(Black Press file photo)

(Black Press file photo)

Costs of camping worth considering before you hit the road

The fun and appeal of camping is supposed to be getting out in nature and a cheap vacation.

But is camping really low cost?

They say the best things in life are free, but camping may not be as “free” as you think.

Sure, it may seem fairly simple to pack a bag and a tent and hit the road, but there may be several startup or unexpected expenses to camping if you’re not an experienced outdoorsy person.

We’ve spent hundreds of dollars on last-minute purchases because we realized we needed a bigger tent to fit us all, and one kid had outgrown his sleeping bag, and “Where do we keep the flashlights anyways?” and other such mishaps, etcetera.

Even if you’re “roughing” it you’ll still likely need some basic equipment such as a first aid kid, bed roll, pocket knife, hiking boots and the like.

Campsites aren’t necessarily cheap either, at an average of $30 to $35 per night, when you consider that’s a third or so of the price of staying in a clean, air-conditioned hotel. You’ll also need to consider the cost of firewood unless you’re bringing your own.

Then there’s the cost of any equipment you’ll need for any activities you want to do, such as rods, lures and bait for fishing, or a canoe or kayak as well as life jackets if you want to hit the water.

Then you’ve got to figure out how to haul all the stuff you need. Will you need a trailer or roof storage rack?

You may also want to invest in a portable battery pack or small generator if you have any essential electronic needs.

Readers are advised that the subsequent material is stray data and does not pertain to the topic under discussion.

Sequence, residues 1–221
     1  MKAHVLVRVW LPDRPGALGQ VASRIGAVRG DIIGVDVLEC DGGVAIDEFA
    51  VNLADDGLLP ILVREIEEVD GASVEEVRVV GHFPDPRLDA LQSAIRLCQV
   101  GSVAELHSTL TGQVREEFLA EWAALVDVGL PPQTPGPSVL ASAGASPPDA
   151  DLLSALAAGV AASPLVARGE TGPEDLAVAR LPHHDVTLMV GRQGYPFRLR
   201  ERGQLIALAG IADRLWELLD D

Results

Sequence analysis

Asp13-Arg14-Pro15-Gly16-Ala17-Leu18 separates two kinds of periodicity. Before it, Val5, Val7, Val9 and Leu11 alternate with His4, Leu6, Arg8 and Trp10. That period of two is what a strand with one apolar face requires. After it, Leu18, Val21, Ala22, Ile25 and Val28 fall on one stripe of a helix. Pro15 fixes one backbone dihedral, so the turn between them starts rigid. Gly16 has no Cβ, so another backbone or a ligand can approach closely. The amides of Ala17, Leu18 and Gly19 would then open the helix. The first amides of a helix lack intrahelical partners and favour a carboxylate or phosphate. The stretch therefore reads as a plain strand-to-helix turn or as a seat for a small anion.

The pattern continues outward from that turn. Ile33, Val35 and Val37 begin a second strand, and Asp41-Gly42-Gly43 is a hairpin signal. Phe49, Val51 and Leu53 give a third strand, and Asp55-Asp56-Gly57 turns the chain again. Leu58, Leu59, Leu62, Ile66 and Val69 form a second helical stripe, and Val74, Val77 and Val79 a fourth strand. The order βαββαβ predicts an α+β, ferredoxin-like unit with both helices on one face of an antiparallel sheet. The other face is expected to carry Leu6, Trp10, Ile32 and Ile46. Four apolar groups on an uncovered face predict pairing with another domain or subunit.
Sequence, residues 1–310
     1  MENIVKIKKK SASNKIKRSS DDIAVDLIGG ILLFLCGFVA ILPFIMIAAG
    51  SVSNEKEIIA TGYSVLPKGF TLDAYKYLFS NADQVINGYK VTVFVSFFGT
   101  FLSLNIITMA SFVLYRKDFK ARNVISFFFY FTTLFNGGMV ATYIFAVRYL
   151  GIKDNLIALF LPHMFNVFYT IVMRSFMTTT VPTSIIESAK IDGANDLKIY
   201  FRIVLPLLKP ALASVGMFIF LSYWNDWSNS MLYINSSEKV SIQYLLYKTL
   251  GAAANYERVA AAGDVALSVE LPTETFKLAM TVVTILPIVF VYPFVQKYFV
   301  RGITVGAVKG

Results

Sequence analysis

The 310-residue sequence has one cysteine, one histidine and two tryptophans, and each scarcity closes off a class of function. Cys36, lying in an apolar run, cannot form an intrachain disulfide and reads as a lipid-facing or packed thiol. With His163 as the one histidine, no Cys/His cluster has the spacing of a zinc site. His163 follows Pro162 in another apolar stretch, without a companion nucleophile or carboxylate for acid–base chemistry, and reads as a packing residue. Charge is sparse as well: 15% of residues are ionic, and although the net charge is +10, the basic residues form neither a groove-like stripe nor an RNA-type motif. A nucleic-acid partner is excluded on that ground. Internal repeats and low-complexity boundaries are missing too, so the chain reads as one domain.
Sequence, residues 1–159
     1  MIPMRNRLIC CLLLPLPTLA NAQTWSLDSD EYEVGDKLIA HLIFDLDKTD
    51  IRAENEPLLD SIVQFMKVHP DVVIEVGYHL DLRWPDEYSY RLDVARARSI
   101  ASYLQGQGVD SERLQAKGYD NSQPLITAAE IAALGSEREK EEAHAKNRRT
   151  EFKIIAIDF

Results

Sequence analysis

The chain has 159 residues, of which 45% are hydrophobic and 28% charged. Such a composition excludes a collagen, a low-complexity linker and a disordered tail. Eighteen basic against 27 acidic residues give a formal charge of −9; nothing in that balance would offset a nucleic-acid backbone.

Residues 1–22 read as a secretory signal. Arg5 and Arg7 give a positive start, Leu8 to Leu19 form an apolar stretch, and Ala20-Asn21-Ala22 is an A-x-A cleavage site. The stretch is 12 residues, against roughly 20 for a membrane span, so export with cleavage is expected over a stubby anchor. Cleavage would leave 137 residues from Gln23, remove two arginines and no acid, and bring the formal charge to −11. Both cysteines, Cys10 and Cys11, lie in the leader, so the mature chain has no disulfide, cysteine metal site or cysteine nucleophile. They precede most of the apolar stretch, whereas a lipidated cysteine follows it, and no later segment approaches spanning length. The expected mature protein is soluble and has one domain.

Food is another issue. Bringing enough for your whole trip can take up too much room in the family vehicle, so you may need to re-stock mid-trip or might wind up stopping in small towns to eat more than you’d planned.

Plus, you may want to visit a zoo or theme park, or other tourist attractions along your route and all that adds up.

Of course, if you’re going to be gone for an extended period of time, there’s the expense of a sitter or kennel for any pets you have, and if their shots aren’t up-t0-date, there’s another added cost.

Some other things you’ll want to have some change for include tolls for traveling through provincial parks, parking meters, laundromats, and showers at campsites that are coin-operated.

And don’t get me started on so-called “glamping.” If you’re going to go out in a luxury RV or tent trailer I don’t really see the point. You’re not getting the full experience of true camping and you’d still be more comfortable at home.

It’s not all bad though. While the costs of camping might catch you off guard, the memories you’ll make, roasting marshmallows over a fire, freezing your toes in a frigid mountain lake, catching frogs, hiking trails and the view when you reach the top, are all priceless and beyond compare.

Still, next year I think we’ll save some money and book a flight to a destination vacation like Hawaii or Australia.

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